Stroke Association statement on research showing longer working hours increases risk of stroke

Published date
Thursday, 20 August, 2015

Published: Thursday 20 August 2015

Recent research published in The Lancet  suggests working 55 hours or more per week is linked to a 33% greater risk of stroke compared with working a standard 35 to 40 hour week. It is the largest study in this field so far involving data for over 528,000 individuals.

Commenting on the research findings Dr Shamim Quadir, Research Communications Manager at the Stroke Association, said:

“This important study suggests that working more than a 35-40 hour work-week increases your risk of stroke.  It indicates that working 55 hours or more a week is linked to a significantly higher risk of stroke; 33%, compared to working standard hours.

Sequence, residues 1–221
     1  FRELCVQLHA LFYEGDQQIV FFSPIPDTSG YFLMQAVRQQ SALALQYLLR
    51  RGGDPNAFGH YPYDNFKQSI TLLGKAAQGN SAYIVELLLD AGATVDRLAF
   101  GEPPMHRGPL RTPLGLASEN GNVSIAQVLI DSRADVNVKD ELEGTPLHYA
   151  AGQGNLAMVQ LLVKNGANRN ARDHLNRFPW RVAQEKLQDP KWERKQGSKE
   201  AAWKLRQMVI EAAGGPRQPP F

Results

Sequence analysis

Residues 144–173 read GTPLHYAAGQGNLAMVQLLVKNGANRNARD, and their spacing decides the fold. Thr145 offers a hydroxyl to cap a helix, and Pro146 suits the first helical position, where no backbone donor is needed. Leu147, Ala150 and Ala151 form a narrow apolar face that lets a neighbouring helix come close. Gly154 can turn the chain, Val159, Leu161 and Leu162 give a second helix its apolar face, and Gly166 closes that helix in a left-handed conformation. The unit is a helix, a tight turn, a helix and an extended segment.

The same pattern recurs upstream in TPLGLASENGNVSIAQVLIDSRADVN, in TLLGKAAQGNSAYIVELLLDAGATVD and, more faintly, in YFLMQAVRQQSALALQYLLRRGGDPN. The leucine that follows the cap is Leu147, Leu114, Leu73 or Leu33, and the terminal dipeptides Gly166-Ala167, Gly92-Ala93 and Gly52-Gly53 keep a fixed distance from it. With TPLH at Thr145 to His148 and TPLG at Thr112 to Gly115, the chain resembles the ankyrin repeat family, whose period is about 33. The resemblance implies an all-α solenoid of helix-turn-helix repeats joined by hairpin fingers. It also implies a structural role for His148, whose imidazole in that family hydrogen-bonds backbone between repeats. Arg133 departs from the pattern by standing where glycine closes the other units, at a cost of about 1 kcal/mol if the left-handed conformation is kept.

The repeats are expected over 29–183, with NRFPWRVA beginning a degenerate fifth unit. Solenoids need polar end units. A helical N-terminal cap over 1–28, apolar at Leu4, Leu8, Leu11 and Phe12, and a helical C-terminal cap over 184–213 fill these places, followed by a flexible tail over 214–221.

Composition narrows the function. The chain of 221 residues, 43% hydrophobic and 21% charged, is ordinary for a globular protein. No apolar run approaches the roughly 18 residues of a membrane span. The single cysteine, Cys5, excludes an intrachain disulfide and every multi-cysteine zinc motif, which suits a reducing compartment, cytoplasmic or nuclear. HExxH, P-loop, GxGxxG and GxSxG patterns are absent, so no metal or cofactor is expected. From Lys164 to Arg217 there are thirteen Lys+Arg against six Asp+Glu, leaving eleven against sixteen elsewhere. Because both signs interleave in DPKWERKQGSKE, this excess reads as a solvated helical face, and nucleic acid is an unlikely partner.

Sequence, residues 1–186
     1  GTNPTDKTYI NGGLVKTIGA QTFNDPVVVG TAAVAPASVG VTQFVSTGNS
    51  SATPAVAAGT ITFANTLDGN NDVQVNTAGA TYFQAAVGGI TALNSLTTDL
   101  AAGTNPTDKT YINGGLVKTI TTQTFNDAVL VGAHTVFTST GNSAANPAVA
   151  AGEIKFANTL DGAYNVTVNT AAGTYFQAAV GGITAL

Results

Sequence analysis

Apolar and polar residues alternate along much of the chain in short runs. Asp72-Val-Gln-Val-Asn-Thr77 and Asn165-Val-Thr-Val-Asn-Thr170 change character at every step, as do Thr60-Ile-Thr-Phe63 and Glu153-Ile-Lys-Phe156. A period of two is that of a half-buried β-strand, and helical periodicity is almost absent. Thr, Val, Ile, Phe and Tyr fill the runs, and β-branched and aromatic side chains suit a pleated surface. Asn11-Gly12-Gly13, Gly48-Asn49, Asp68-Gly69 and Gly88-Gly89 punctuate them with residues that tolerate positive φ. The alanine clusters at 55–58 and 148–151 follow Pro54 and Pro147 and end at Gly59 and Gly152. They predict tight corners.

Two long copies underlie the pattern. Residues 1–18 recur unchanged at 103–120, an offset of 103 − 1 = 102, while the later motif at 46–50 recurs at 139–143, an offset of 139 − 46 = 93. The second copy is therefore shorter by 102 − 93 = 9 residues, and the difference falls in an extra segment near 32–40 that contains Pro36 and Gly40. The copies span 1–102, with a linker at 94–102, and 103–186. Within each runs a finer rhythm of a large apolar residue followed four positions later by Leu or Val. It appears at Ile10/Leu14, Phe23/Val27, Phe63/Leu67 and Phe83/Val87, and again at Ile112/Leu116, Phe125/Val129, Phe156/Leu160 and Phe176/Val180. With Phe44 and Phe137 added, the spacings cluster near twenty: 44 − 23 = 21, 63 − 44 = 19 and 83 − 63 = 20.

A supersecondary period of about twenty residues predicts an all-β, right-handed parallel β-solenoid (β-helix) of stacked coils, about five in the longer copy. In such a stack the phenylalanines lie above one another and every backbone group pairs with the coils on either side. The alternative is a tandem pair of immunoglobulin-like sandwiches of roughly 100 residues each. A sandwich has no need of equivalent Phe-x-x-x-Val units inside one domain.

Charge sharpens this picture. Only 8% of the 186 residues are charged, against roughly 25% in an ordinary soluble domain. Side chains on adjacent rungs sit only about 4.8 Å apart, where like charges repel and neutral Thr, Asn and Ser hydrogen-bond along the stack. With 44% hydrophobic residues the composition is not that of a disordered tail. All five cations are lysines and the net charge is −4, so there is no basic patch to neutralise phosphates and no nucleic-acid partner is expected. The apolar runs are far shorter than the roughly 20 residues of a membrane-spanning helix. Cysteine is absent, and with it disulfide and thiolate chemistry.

“It is difficult to establish what may cause this link between working long hours and stroke risk.  Nevertheless, the findings of the study underline how important it is to look after your health to help prevent a stroke. This includes taking regular exercise and eating a healthy, balanced diet.  Working long hours can involve sitting for long periods of time, experiencing stress and leads to less time available to look after yourself.  There is also some evidence suggesting that people who work long hours tend to drink more heavily - which is a known risk factor for stroke.

“Anyone with concerns about their risk of stroke should talk to their GP or health professional.”

For more information about the story visit the BBC NEWS website

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